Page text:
However, the rank hypocrisy of the politicians and governments who supported the war in Iraq condemning the attacks should be noted. For example, the Europe minister, Denis MacShane, stated that "no progress in human affairs will ever be built on the blood of innocent people." Someone should tell his leader Blair that. Blair obviously considers the ten thousand plus innocent Iraqis killed by his and Bush's invasion and occupation of their country as a price worth paying to make "progress."
MacShane correctly argued that "those who find ways of justifying terrorism, who can talk of understanding the motives of terrorist actions need to think hard and think differently." The defenders and practitioners of state terrorism (and war is terrorism) should ponder those words as well. Blair, after all, did exactly that the week before, justifying his actions and asking us to "understand" why he did it.
Thus the morality of the state comes into play. Legal violence is good, non-state approved violence is wrong. So when the state sheds the blood of innocent people to further its ends then it is considered normal, even praiseworthy. When others do so then they are evil beyond belief. In reality, it matters little to the victim whether they were murdered by the state or the terrorist. And in terms of common humanity, we should condemn both state and non-state terrorism in all their forms. We must condemn this atrocity as well as the atrocity of war.
It seems that, at the time of writing, ETA, the Basque Nationalist group, is at the top of the list for being blamed for the atrocity (Islamic terrorists being a close second). While it is obviously too early is know whether they are or not, this has not stopped Spanish politicians claiming within hours (and without evidence) it is ETA. No one has (so far) claimed responsibility. ETA, obviously, cannot be ruled out although this atrocity is substantially different from their usual activity. The leader of the banned pro-ETA Basque separatist party, Batasuna, denied that ETA could have been behind the attacks. One thing is sure, we can expect this evil act to be used to justify increased state repression and authoritarianism across Europe. In Spain, we can expect it to be used to justify more repressions of radicals, regardless of their links with ETA or Basque Nationalism.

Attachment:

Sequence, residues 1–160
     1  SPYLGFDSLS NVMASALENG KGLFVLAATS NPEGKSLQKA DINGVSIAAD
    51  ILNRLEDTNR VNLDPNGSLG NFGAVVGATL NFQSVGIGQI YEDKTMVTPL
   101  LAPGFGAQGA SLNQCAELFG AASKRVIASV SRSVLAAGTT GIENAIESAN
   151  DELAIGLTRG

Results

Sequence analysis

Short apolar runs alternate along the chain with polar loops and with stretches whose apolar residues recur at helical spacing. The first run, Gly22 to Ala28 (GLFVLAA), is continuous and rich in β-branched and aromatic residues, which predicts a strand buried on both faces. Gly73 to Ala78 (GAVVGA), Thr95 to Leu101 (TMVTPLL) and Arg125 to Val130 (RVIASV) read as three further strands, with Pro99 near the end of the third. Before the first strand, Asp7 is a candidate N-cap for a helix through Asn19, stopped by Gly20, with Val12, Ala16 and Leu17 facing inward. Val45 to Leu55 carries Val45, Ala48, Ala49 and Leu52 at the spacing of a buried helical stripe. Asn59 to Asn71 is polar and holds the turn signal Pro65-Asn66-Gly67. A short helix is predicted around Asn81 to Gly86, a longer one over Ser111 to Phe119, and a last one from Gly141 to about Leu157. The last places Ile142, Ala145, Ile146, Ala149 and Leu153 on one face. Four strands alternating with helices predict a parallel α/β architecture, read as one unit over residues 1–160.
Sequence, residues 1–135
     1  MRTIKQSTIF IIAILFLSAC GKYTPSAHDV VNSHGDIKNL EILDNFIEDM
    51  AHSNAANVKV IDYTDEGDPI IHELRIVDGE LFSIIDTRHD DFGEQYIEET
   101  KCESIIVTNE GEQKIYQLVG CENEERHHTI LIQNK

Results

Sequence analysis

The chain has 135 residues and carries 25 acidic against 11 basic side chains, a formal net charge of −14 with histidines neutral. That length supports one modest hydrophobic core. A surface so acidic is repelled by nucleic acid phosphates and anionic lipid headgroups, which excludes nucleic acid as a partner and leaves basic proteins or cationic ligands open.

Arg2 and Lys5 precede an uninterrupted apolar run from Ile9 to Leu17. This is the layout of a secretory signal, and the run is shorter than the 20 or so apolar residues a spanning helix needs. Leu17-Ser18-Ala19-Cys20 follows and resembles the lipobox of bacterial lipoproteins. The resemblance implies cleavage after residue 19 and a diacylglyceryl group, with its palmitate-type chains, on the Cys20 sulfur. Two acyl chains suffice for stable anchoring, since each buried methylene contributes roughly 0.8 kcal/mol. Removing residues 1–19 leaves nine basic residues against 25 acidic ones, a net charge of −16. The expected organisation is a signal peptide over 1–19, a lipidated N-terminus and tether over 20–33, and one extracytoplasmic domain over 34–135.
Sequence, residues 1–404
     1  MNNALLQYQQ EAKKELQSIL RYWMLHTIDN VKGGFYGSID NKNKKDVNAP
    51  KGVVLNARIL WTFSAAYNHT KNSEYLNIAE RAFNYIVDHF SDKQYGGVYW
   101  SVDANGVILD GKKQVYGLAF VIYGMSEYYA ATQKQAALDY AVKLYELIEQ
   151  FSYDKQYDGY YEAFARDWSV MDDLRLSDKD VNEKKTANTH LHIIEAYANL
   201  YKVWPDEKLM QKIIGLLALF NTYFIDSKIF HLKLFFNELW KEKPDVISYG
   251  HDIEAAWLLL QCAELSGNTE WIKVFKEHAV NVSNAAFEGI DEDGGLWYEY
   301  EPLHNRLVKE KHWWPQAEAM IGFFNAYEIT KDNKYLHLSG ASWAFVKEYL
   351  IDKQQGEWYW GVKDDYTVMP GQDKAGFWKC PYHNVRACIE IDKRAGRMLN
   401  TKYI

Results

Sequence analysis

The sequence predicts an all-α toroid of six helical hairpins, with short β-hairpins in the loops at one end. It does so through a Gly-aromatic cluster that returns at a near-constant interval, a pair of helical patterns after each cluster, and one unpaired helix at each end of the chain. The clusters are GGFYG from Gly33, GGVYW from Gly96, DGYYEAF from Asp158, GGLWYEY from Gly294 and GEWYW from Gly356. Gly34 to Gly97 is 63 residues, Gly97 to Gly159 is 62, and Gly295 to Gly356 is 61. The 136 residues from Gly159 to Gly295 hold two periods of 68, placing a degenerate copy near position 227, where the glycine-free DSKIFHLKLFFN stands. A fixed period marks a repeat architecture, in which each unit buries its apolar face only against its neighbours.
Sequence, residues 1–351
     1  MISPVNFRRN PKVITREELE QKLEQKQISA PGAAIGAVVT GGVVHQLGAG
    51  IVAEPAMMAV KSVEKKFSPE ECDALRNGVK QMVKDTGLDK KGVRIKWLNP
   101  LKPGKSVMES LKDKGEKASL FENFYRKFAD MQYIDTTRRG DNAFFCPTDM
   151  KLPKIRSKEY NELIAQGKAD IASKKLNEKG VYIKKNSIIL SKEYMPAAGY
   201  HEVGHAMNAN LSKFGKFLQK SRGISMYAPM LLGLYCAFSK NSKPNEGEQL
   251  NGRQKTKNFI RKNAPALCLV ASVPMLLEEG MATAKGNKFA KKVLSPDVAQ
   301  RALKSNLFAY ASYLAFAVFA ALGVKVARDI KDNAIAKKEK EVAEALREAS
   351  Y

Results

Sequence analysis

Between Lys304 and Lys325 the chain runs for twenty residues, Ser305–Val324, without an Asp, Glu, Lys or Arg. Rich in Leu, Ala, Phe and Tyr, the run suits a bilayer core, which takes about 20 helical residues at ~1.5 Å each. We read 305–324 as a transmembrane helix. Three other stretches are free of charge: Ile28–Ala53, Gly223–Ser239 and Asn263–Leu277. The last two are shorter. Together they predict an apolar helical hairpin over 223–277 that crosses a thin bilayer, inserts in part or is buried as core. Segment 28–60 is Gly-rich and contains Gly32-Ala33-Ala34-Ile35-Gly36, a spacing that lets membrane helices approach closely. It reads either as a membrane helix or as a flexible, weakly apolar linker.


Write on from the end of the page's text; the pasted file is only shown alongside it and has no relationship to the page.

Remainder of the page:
So while numerous politicians have called this an attack on European democracy, the sad fact is that these very same politicians will now enact laws which undermine the very freedoms and democracy they claim to defend. The Spanish state has, after all, been at the forefront in trying to get the EU to toughen its "anti-terrorist" policies. This act will bolster such policies and we must condemn not only the attack about also attempts by politicians, bureaucrats and police to utilise it for their own ends.
The Madrid atrocity may have been done by ETA However, given that the Spanish Prime Minister, in the face of overwhelming public opposition, strongly supported the US-led war in Iraq, his actions could have exposed Spaniards to attack by Islamic extremist groups. If so, then yet again ordinary people are paying the price of their politicians' egos. It also makes a mockery of the claim that invading Iraq reduced rather than increased the threat of Islamic terrorism.
Ultimately, the only way to combat terrorism (both state and non-state) is to tackle its roots in an unjust system based on power and profit. While doing that, while opposing terrorism in all its forms, we must also not allow politicians and the state to use the deaths to destroy yet more of our liberties and rights.